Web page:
Winter Olympics: Skeleton holds no horrors for Eustace

By David Leggat

Katharine Eustace doesn't want to pressure herself but is aiming for "at least top six" in the event where they reach speeds up to 140km/h. Photo / Getty Images
Katharine Eustace doesn't want to pressure herself but is aiming for "at least top six" in the event where they reach speeds up to 140km/h. Photo / Getty Images

Had she not been blessed with a healthy dose of the give-it-a-go philosophy, Katharine Eustace would never have got to the Winter Olympics.

Go back a step; had she not come to New Zealand for a one-year holiday in 2002, she would not have had the chance to be in Sochi, and certainly not racing the take-your-breath-away skeleton event.

Then again, the 38-year-old former British junior 400m runner, appeals as someone not shy of a challenge.

So it is that New Zealand will, in consecutive Winter Olympics, have representatives in both the men's and women's skeletons. Ben Sandford is preparing for his third event; in 2010, he had Tionette Stoddard for company in Vancouver. Sandford was 11th, Stoddard 14th.

Eustace will take decent form into the Olympics.

A seventh in the most recent World Cup at Konigsee, Germany a week ago, has her eighth on the cup rankings.

In a sport where hundredths of a second can decide placings, she'll go in as one of a group of athletes who can genuinely eye a podium finish.

Eustace was born in Bristol, attended university in Birmingham and works in Wanaka as a physiotherapist.

"I hadn't even heard about the skeleton when I was in the UK," she said.

"But we have a lot of winter sports athletes based in Wanaka. [Former skeleton racer] Louise Corcoran kept coming in for physio. Because I'd done a lot of track and field in Britain, with that sprinting background, someone said 'you should have a go'."

She went on a trip to Canada seven years ago, tried it, loved it and "ever since I've been trying to progress and work my way towards going to the Olympics".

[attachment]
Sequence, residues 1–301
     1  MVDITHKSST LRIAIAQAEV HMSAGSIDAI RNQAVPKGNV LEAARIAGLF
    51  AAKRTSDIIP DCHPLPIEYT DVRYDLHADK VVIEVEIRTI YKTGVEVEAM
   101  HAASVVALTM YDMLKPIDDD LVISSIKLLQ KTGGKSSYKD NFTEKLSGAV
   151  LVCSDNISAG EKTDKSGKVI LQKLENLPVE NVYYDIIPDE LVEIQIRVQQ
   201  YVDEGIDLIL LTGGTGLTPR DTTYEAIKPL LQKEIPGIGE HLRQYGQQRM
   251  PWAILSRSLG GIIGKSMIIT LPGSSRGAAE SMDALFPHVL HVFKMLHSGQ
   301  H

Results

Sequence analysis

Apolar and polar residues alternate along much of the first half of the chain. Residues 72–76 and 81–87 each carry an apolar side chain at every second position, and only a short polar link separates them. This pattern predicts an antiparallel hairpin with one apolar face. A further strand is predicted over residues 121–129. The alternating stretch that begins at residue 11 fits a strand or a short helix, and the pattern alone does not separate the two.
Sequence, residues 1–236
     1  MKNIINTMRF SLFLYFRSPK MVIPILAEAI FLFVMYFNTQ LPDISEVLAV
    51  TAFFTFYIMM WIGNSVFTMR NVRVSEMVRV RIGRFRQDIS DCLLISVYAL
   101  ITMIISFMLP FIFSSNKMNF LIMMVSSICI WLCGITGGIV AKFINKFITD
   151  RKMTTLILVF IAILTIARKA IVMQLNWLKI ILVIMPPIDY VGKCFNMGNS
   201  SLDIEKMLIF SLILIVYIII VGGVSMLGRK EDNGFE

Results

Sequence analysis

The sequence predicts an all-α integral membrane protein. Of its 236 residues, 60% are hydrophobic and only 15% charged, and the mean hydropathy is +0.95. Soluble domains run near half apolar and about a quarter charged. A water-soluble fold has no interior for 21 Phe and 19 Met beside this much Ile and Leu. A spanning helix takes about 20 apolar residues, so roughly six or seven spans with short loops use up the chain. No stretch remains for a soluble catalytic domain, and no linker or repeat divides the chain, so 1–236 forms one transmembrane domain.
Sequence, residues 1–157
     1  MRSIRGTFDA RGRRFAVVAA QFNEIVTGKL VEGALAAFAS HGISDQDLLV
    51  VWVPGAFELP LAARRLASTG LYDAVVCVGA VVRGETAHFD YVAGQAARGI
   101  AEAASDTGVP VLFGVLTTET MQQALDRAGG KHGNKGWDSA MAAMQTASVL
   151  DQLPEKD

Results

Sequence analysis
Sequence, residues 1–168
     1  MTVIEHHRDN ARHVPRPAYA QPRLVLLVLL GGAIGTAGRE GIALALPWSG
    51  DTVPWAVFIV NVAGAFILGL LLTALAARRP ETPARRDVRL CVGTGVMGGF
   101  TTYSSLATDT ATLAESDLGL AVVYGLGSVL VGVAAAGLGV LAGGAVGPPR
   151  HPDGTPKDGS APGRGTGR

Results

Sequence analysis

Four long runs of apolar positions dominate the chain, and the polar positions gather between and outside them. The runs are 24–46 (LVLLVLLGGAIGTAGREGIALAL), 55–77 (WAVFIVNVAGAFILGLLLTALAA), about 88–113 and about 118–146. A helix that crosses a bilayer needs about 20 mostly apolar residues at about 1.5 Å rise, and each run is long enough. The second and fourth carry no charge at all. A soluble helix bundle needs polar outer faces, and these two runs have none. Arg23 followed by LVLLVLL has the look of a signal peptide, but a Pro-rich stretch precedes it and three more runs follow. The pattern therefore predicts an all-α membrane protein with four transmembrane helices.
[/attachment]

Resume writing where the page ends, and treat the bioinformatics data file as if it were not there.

Eustace set goals that, if she couldn't reach, she'd have stopped the sport. But the goals kept getting met.

"I'd been competing only a couple of years before the last Olympics and just missed a spot then. I thought, 'If I can go for four years imagine what I could do with that experience,' so I kept persevering."

She had skied and snowboarded in Wanaka and did a lot of multi-sport adventure racing - she's a four-time contestant in the Coast to Coast - and admits a passion for outdoor pursuits.

So what is it about a sport where the margins for error are slight, where you hurtle down an ice shute at speeds up to 140km/h, that appeals?

Eustace denies it's a need for a speed buzz.

"It's just the fact that when you do it right it feels amazing," she said.

"It feels like flying. It's all about doing it properly and precisely. When you do that it's an awesome feeling and when the results come with it, that feels good.

"And when you're learning quite rapidly you are seeing improvements come quickly. And that feels good."

There has been the odd bad prang along the way. Despite what appears a high degree of danger, those who take part at the highest level will argue the number of injuries are small. "Often what happens when you end up quite high in a corner it finishes and you slam out and hit the opposite wall.

"You're not strapped in and might get knocked off your sled, so you're desperately holding on and trying to drag yourself back on."

The cup circuits vary from a minimum of 1500m to 2500m, and must have three quick turns in succession at some point, including a 180 degree twist.

Eustace will be the oldest racer in the field, but that's no barrier. She regularly finishes in the top dozen, hence her optimism in a sport which is very much about performance on the day. There are four runs and the key is consistency.

Eustace admits in her running days she was not as focused on her sport as she is now. Getting to an Olympics was always a dream.

In her days on the track she had other priorities. Now she has the stability of a home and a job, which helps pay the bills.

Eustace is aiming for "at least" top six, if not pushing for a medal in Sochi.

"I've had top six results before so I know it's a possibility. Races are won by .001s; why shouldn't it be my day?

"You do have to focus on process, making sure I've got my steers right, that I'm pushing well and have a plan for every situation so I'm not surprised by anything."